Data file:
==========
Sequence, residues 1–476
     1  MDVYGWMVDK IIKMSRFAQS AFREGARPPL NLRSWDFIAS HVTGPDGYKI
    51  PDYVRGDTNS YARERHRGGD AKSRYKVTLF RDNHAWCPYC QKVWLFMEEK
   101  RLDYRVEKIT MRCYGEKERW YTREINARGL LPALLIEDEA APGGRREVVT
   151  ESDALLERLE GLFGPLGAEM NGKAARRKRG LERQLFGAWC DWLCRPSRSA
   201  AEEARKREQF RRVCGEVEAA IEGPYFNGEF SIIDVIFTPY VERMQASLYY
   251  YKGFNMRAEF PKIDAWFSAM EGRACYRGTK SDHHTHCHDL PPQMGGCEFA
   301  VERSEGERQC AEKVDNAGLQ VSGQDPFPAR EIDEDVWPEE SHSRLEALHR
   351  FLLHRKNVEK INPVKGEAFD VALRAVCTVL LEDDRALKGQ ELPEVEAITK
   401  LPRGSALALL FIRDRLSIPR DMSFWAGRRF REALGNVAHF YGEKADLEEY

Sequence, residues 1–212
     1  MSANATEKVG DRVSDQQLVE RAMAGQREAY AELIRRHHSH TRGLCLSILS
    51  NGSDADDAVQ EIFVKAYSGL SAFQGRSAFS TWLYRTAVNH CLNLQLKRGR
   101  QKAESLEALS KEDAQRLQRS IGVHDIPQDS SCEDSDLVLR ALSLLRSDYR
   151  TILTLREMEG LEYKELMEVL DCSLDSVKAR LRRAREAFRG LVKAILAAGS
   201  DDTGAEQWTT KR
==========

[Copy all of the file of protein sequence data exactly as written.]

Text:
Sequence, residues 1–476
     1  MDVYGWMVDK IIKMSRFAQS AFREGARPPL NLRSWDFIAS HVTGPDGYKI
    51  PDYVRGDTNS YARERHRGGD AKSRYKVTLF RDNHAWCPYC QKVWLFMEEK
   101  RLDYRVEKIT MRCYGEKERW YTREINARGL LPALLIEDEA APGGRREVVT
   151  ESDALLERLE GLFGPLGAEM NGKAARRKRG LERQLFGAWC DWLCRPSRSA
   201  AEEARKREQF RRVCGEVEAA IEGPYFNGEF SIIDVIFTPY VERMQASLYY
   251  YKGFNMRAEF PKIDAWFSAM EGRACYRGTK SDHHTHCHDL PPQMGGCEFA
   301  VERSEGERQC AEKVDNAGLQ VSGQDPFPAR EIDEDVWPEE SHSRLEALHR
   351  FLLHRKNVEK INPVKGEAFD VALRAVCTVL LEDDRALKGQ ELPEVEAITK
   401  LPRGSALALL FIRDRLSIPR DMSFWAGRRF REALGNVAHF YGEKADLEEY

Sequence, residues 1–212
     1  MSANATEKVG DRVSDQQLVE RAMAGQREAY AELIRRHHSH TRGLCLSILS
    51  NGSDADDAVQ EIFVKAYSGL SAFQGRSAFS TWLYRTAVNH CLNLQLKRGR
   101  QKAESLEALS KEDAQRLQRS IGVHDIPQDS SCEDSDLVLR ALSLLRSDYR
   151  TILTLREMEG LEYKELMEVL DCSLDSVKAR LRRAREAFRG LVKAILAAGS
   201  DDTGAEQWTT KR